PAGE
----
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Mayofiddler

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About Mayofiddler

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  1. There's a good list and some links here Sticky post
  2. I'm a newbie too. I ordered a Rochelle as folks here advised that it was the best of the cheapos. I'm a bit obsessive when I do things so whilst waiting for the Rochelle to arrive I recklessly ordered a Morse. The Rochelle only arrived two days before the Morse. Not expecting the Morse for a while I plunged straight in with the Rochelle. I found it very breathy/wheezy, with floppy cheap feeling buttons and springs and horrible thin straps that offered no solidity at all. Not to mention the huge size and general ugliness. However, as someone else mentioned, you get what you pay for so I was happy enough realising that it was a rock bottom instrument price-wise. Anyway, the Morse turned up unexpectedly a couple of days later and the difference was so vast it's hard to describe. All I can say is if you want to kick start your playing, get the best you can afford. That is nearly always true of instruments (even though expert players can make a cheap anything sound great). I'm really glad I bought the Morse. Yes, Jeffries layout Anglos are considered best by the majority of players for Irish music. I don't know what is best for English folk music. From what I read here, if you want to play classical stuff you'd need possibly something else again, but others will help there more than I can.
  3. Early 70s heavy rock (Sabbath, Purple, Zep etc.) baroque/classical music and trad Irish dance music. Yes, it was Black Sabbath that got me into concertina...no, something wrong there :-)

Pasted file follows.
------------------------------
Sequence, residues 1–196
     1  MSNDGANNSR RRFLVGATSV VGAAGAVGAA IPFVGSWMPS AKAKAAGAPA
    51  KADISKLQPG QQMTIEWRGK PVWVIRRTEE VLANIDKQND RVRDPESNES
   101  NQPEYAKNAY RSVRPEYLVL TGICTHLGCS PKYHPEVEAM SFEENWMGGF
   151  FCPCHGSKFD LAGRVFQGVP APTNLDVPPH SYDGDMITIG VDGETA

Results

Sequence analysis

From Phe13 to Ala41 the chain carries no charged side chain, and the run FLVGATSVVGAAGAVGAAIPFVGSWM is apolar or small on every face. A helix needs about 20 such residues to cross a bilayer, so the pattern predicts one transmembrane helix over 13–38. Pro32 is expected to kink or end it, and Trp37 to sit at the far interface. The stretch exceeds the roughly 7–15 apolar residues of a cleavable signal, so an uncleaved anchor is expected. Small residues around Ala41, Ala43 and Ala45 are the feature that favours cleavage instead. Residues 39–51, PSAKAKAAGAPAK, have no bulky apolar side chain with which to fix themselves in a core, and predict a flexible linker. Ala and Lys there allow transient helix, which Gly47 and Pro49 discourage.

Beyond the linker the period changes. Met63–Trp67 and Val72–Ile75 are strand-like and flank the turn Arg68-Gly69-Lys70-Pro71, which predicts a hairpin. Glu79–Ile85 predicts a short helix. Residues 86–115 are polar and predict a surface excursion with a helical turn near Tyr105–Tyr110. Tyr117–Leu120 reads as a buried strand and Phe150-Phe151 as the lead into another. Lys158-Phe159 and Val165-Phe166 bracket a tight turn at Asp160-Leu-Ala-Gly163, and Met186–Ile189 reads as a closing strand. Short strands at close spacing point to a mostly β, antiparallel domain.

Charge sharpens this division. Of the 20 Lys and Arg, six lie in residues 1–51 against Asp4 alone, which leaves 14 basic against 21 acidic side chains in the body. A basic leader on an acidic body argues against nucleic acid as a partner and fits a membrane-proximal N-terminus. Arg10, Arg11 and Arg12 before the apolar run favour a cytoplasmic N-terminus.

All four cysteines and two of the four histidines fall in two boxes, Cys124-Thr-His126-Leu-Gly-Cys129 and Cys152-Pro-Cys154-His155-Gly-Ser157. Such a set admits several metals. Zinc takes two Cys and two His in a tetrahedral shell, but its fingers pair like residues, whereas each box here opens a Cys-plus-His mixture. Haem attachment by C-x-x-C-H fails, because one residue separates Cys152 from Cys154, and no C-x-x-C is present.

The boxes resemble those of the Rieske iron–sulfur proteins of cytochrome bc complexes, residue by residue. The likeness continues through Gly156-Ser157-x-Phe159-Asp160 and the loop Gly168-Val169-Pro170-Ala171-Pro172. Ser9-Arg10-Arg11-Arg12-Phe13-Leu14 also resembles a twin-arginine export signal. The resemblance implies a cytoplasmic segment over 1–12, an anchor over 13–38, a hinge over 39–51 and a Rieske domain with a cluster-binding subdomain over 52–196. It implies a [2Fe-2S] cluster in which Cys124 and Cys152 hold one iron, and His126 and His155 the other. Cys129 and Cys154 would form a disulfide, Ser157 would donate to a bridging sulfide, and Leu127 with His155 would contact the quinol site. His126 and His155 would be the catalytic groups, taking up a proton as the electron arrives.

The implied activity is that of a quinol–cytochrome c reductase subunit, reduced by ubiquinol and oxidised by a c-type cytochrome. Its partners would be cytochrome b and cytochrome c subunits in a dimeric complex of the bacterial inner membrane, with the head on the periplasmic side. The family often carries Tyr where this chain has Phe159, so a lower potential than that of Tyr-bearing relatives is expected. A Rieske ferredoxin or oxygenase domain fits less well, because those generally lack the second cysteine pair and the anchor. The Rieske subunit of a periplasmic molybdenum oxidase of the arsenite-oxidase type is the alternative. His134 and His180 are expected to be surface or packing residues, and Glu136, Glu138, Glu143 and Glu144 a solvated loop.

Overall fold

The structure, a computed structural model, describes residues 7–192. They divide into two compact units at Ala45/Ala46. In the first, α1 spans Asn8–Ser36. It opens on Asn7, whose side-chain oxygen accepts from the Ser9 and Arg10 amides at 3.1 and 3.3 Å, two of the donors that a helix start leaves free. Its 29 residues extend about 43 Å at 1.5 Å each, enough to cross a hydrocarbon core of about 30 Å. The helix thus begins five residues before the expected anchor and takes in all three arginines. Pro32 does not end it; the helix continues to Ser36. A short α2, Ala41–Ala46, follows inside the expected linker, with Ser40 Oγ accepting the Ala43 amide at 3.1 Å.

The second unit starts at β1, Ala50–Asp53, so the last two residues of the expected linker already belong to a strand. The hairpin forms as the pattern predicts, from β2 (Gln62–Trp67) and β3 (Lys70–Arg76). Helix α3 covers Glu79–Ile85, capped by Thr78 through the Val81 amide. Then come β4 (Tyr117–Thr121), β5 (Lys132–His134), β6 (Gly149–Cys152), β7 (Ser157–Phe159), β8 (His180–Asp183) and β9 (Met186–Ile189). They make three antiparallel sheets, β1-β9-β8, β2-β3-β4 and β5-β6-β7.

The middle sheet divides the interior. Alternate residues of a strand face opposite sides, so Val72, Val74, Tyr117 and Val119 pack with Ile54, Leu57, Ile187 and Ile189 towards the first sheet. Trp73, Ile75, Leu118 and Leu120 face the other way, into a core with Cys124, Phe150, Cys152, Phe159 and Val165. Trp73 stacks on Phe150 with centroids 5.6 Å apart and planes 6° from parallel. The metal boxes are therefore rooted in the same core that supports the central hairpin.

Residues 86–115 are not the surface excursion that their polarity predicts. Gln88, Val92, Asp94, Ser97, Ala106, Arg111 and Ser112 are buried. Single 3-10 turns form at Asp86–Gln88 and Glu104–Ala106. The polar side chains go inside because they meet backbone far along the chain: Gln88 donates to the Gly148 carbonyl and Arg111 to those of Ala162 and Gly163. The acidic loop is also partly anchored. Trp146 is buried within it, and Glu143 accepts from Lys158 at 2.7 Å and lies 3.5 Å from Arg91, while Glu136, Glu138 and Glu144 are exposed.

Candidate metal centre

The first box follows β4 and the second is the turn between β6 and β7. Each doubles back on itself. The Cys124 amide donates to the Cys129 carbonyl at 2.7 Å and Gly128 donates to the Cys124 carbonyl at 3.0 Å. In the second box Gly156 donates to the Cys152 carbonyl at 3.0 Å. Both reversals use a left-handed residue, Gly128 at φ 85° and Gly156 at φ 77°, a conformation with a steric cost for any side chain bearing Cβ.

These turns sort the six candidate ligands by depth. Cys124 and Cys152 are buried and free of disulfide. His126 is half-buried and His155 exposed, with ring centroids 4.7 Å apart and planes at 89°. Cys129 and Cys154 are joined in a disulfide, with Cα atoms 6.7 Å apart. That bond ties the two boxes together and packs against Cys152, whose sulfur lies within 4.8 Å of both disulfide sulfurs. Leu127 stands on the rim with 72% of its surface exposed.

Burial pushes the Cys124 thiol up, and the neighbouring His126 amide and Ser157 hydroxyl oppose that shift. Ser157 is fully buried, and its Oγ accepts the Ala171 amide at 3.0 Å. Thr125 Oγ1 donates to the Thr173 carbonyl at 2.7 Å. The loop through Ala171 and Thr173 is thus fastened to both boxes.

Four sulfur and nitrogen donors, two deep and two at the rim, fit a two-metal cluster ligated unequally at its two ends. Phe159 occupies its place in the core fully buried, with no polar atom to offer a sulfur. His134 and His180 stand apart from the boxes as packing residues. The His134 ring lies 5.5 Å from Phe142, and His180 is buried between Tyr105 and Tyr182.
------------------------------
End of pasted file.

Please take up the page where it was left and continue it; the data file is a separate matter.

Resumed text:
4. Noel Hill Camp...is that the replacement for Guantanamo Bay?
  5. Yes, I think everyone realises that. The problem is when those differences are outside a particular tradition. I think that's what we're discussing here. Otherwise they aren't innovations, they're just variations. How do you recognise a glaring or not-so-glaring departure from a tradition? That's the underlying theme of this thread I suppose, and subject to the aesthetics mooted by Peter Laban.
  6. When you look at a bare list that seems an awful lot of strictures and most sessions would be a bit more tolerant than that. However, you certainly won't upset anyone if you stick to those guidelines! Unless...you bring a banjo LOL. You forgot the verboten instruments that trad <insert "N" word>s might not like.
  7. LOL, how about "Banjos make SOME people feel happy"? Or "Banjos make your ears ring"? Ah well, we're discussing innovation etc. so it's bound to be a fraught thread. At least nobody has fallen out with anyone else yet. Good that we're all free to speak our minds, parade our opinions or whatever!
  8. I think Howard Jones makes a good point and one I think is implicit when some of us say we encourage newbies to try to pick up bits of tunes on the fly. That is, you need to know your way around your instrument (and preferably but not quite as essentially, the general structure of tunes in your genre) before you start noodling at sessions. If you are a complete beginner at both instrument and genre then even the most tolerant of sessions will get fed up with you playing random notes in pretty short order.
  9. Sax in trad? Well there is such a gulf between your idea of trad music and mine that I don't think we can even discuss this. Ne'er the twain shall meet. At The Racket are a racket all right, just because one eejit decides to use an instrument to play trad tunes doesn't make it trad. John Carty has so many American influences on his fiddling from his banjo playing that he absolutely isn't trad, not to mention the Irish music he plays is English-Irish. They're just lucky Tansey hasn't got on to them yet :-) And yes, I'd say Jerry O'Connor doesn't fit in any more than any other banjo player. There is no special boot-licking allowed just because someone has made some money from the tradition. In fact most of the musicians who have made real money from Irish trad have done it through gimmicky band setups or fusion-arrangements to pander to foreign markets. The tradition *isn't* wide enough to accommodate lots of things, those "lots of things" are far outside the tradition. It doesn't accommodate them, it's people who know nothing about the tradition, or who care more about making money, that accommodate them.